Faced with the phrase 'Scandinavian Pop', my mind often catapults to a far-off land of twee, populated by the songs of Peter Bjorn and John, Mew’s ‘She Came Home For Christmas’ and Loney, Dear; a place where people greet each other with handclaps not handshakes, and everybody’s voice has that sugary texture – you know the one I mean.
I’m not entirely sure where Dieter Schoon and his handful of friends fit into this little world.
If anything, Schoon’s debut album is likely to be found mangling and mashing pop music, rather than laying down any sunny choruses, forcing together various soundbites like bits of a jigsaw that don’t belong together only to find that once the last piece is hammered into place, the picture is far more interesting than the one on the box. Take opener ‘Manuel’ as an example, as its LCD Soundsystem-flavoured electro-disco (with similar half-spoken, half-sung vocals) breaks in the middle for a few unexpected seconds of classical, waltzing folk, or perhaps ‘Jethead’, where a painfully out of tune acoustic guitar and layered harmonies explode into life halfway through in a hail of beat-driven electro-house.
Schoon, then, takes much the same unconventional approach to music that thrust Beck into the limelight all those years ago, only with his kooky outlook replaced with a certain dance-darkness. LaBlaza itself is somewhere between Mutations and ‘Sexxlaws’ - folk-influenced one moment, and having apparently stolen the trumpeters from a passing mariachi band the next - but it’s not just about the light experimentation, cutting and splicing; the other side to Schoon’s coin is one of straight-up pop, which raises its head every so often for the album’s more conventional moments like the ballad-driven ‘Soft and Slow’ and atmospheric ‘Everyone Must Leave’.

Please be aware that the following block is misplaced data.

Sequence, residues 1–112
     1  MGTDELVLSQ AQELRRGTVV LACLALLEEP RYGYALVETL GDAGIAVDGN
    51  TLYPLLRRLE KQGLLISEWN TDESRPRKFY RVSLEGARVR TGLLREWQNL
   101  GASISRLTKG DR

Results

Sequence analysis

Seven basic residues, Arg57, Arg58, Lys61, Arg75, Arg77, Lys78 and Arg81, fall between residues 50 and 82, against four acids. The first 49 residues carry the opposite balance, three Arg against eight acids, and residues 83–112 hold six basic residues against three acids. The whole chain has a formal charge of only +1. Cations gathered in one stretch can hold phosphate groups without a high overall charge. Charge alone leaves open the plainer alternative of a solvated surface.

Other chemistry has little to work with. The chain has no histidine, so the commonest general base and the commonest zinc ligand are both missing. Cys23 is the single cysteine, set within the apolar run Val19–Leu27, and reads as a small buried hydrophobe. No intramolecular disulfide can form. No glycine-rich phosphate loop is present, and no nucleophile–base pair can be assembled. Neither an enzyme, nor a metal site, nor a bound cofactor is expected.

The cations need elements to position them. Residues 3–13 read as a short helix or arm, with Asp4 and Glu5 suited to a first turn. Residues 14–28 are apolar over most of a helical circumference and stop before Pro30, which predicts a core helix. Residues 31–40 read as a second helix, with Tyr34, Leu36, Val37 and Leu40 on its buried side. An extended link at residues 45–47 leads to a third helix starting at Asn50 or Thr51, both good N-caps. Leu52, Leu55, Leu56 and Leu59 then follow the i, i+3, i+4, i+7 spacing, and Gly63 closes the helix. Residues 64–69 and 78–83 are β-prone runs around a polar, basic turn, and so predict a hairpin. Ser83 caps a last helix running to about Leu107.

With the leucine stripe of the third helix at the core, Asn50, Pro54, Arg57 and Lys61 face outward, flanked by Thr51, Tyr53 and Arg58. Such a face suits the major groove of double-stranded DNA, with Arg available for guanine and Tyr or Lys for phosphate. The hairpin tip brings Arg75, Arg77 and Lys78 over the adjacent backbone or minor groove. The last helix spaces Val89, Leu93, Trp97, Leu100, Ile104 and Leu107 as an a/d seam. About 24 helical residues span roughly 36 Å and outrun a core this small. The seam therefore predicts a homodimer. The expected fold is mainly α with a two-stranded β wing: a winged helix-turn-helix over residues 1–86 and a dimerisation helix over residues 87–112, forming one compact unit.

But it is the more interesting moments which make this album what it is – unconventional, diverse, endearing even – like the fast-paced ‘Lots of Free Shoes But Nowhere To Run’ which sounds like it should be soundtracking a looping Flash toon, the similarly-skewed album closer ‘Auf Wiedersehen’ or the constant chop and change of ‘I’ll Go There’, which goes from molesting the orchestral pit to the beeping-and-squeaking drum ‘n’ bass, driven by acid flashbacks of years gone by.
With such a wide range of styles, LaBlaza was never going to feel like a finished record, more like three unfinished ones sewn together, so it’s no surprise that the record’s dynamic is totally shot. What is probably more surprising is when you end up feeling a little like your ears are drunk. This record deserves to be heard for its ambition alone, especially if you preferred Hot Chip’s Coming On Strong to The Warning, or if you liked the Sound of Silver but were also slightly disappointed that it didn't mess with you.
It might not win a place in your heart, but at the very least LaBlaza'll test your head.
7ben marwood's Score